Posts Tagged ‘SMUGGLERS’
FOR IMMEDIATE RELEASE
March 4, 2011
(PERRYVILLE, MD) – Two Virginia men are under arrest this morning facing multiple felony drug charges after they were captured by troopers on I-95 yesterday following a pursuit and the recovery of suspected heroin.
The suspects are identified as Nikike R. Tyler, 31, and Melvin R. Jones, 32, both of Richmond, Va. Both are charged with importation of heroin into the state, unlawful possession of a large amount of a controlled dangerous substance, possession of a controlled dangerous substance with intent to distribute, and possession of heroin. In addition, Tyler is charged with possession of marijuana, possession of drug paraphernalia, hindering an investigation, resisting arrest and multiple traffic charges including fleeing and eluding, reckless driving, negligent driving, and speeding.
Shortly after 2:00 p.m. yesterday, a trooper on a special traffic enforcement team from the JFK Highway Barrack stopped a 1997 Ford pickup on southbound I-95 south of Perryville for an equipment violation. The trooper made contact with the two occupants of the vehicle, later identified as Tyler and Jones. The trooper detected the smell of marijuana coming from the vehicle and made a number of other observations that indicated criminal activity, just as another trooper stopped at the scene.
Jones, who had been driving the truck, was out of the vehicle and yelled to Tyler. Tyler jumped into the driver’s seat of the truck and fled the scene. One trooper took Jones into custody while the other pursued Tyler in the pickup.
The suspect headed south on I-95 and exited onto northbound Rt. 543. He turned right onto Rt. 136, then headed east on Rt. 22. Harford County Sheriff’s Office deputies deployed the first set of stop sticks and a trooper from the Bel Air Barrack deployed a second set just before the exit to southbound I-95.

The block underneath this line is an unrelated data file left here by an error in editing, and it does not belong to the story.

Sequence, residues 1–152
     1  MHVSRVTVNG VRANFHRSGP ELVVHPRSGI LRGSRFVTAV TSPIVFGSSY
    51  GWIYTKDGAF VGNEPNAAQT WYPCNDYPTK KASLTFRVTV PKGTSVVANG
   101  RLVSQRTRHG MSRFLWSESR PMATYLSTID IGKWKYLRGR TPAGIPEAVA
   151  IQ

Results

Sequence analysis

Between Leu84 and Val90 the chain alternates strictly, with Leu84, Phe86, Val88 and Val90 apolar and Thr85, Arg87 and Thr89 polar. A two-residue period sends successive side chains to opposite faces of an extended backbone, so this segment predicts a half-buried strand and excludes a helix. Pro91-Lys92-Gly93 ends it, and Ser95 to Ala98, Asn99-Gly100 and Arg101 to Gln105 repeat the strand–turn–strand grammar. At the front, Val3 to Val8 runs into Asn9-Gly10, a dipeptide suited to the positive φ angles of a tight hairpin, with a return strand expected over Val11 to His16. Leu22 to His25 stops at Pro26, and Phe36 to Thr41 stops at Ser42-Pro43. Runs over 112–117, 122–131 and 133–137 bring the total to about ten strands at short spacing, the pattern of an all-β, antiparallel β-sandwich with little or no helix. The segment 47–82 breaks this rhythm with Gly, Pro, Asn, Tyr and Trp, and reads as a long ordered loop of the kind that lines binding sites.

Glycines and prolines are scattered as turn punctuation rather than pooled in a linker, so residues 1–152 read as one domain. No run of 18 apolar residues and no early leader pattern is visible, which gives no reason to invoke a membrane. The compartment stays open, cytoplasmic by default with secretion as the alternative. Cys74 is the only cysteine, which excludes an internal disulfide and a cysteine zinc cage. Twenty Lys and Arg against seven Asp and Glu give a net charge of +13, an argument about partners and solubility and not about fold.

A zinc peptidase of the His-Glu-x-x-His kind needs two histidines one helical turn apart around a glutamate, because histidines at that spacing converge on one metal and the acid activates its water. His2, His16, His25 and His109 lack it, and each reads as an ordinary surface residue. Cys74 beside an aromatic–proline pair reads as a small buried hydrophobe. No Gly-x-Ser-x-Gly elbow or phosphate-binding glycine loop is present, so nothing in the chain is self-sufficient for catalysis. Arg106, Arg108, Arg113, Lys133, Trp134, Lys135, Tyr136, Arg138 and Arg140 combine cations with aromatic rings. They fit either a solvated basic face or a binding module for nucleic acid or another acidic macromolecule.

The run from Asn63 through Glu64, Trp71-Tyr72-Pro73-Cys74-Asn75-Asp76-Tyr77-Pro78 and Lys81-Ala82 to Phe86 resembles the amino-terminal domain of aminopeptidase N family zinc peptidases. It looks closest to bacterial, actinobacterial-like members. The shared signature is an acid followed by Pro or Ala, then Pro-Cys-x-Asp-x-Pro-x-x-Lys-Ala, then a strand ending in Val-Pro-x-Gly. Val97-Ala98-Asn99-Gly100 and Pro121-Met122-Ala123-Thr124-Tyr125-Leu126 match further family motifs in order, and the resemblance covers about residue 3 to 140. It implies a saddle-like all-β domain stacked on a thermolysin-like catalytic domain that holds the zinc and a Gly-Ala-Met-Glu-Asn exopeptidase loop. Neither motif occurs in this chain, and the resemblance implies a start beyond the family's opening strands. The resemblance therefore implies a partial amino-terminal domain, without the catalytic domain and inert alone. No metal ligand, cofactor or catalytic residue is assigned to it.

With one of the truck tires disintegrated, Tyler continued south on I-95 until he exited at the Maryland House rest area. At that time, troopers initiated a rolling roadblock and were able to force the suspect vehicle to stop, at which time Tyler was arrested. No troopers or deputies were injured and no police cars were damaged.
During the pursuit, troopers saw Tyler moving around in the truck before eventually throwing something out the window. Troopers recovered the item and found it to be a kilo-sized heat sealed plastic bag with suspected heroin inside. Apparently, water had been poured on it in an attempt to destroy it. The bag contained almost 49 grams of heroin, more than four times the amount needed for the felony charge of importation of heroin. More than nine grams of heroin were found on Jones when he was searched. Troopers also found more than ten grams of marijuana in the truck.
(Editor’s note: Pursuits are necessary but dangerous. Police are taught, and even practice the walk up interview on a traffic stop to eliminate or reduce dangerous behaviors on the part of suspects. News media outlets should ask some questions about this traffic stop because something seems very odd. That being that the passenger was able to drive away and then place citizens and the officers at risk.
We don’t want to second guess our officers and we congratulate the officers on an eventually successful arrest, but we want to know if our officers did everything they should have done to prevent unnecessary risk.
How was it that the car keys were still in the ignition or that a driver was removed from the vehicle before cover officer arrived? Was the engine still running? Why didn’t the first suspect, the driver, remove the keys and secure them in his pocket? Was a cover officer called for while the officer was standing within earshot of the suspect? How did the suspect become suspicious of the officer’s intentions to search or arrest so that the suspect alerted the passenger? Were the suspects alerted because they knew the officer would smell the marijuana smoke? Why wasn’t the passenger secured before the intention to search or arrest was communicated?
Were there any department policy violations or deviations from policy that gave the second suspect the ability to drive away?”